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Authors: Krick, Niklas
Title: Functional separation of two distinct voltage gated calcium channels at the presynaptic terminal of Drosophila larval crawling motoneurons
Online publication date: 10-Nov-2020
Language: english
Abstract: At the presynaptic terminal of chemical synapses, release probability of synaptic vesicles must be tightly controlled, while at the same time vesicle recycling and changes in release probability need to occur side by side and must be dynamically adapted to a changing external input and internal state. These three mechanisms are heavily calcium dependent thus needing different calcium nano- and/or microdomains with specific spatio-temporal identities. Calcium nano- and/or microdomains are produced by clusters of voltage gated calcium channels (VGCC), and the characteristics depend on the abundance and individual gating properties of the respective calcium channels and on the calcium buffering properties of soluble buffers, calcium binding proteins and extrusion pumps. Hence, the major questions of this thesis are, what is the underlying mechanism that enables separate regulation of these crucial, calcium dependent presynaptic mechanisms and what are its molecular components. Combining Drosophila genetics, electrophysiology and imaging techniques, I uncover a new mechanism that allows simultaneous calcium signaling for exo and endocytosis in the limited space of presynaptic terminals. In Drosophila three genes for VGCCs exist, Dmca1D, a homolog of vertebrate Cav1 channels, Dmca1A, the Cav2 homolog and DmαG as a homolog for vertebrate Cav3 channels. It has long been known that action potential triggered SV exocytosis is mediated by calcium influx through the Dmca1A calcium channel that localizes in the active zone, in close proximity to the readily releasable vesicle pool. In this thesis, I now discovered that action potential mediated calcium signaling for short term plasticity, as well as activity dependent endocytosis regulation, are mediated via the Dmca1D calcium channel, localized outside the active zone. Even though exo- and endocytosis need to occur on different timescales and rely on different calcium concentrations, I demonstrate that despite the physical distance between both calcium sources, the active zone calcium nanodomain for exocytosis is actively protected from peri-active zone calcium signaling by the plasma membrane bound calcium ATPase PMCA. This newly identified mechanism of separate yet parallel calcium signaling significantly increases the understanding of presynaptic calcium handling during activity and gives rise to conceptually new functions of peri-active zone molecules and their effects on stable presynaptic function and plasticity.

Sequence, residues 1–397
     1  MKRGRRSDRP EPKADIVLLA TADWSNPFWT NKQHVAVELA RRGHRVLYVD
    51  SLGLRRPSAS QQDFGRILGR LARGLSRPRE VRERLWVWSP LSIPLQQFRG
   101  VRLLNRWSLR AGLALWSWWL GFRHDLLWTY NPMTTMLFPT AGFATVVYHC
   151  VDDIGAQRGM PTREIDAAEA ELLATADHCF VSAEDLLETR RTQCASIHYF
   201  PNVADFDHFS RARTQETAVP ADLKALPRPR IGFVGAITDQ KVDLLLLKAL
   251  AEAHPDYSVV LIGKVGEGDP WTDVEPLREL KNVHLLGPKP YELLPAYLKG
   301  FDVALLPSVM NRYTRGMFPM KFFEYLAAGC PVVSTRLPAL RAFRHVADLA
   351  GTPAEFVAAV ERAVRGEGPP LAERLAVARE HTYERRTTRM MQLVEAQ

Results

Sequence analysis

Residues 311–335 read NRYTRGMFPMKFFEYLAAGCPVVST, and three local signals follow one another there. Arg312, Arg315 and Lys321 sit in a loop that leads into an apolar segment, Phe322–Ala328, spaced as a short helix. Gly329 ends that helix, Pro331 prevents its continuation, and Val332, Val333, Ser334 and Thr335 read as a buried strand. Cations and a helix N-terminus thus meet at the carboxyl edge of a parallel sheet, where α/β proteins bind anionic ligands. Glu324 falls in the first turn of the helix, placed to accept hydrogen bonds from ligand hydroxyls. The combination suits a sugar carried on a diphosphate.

DDC: 500 Naturwissenschaften
500 Natural sciences and mathematics
Institution: Johannes Gutenberg-Universität Mainz
Department: FB 10 Biologie
Place: Mainz
URN: urn:nbn:de:hebis:77-openscience-e2badc39-f1e5-4385-bd8a-5ef6706cd3ff5
Version: Original work
Publication type: Dissertation
License: In Copyright
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Extent: 69 Seiten
Appears in collections:JGU-Publikationen

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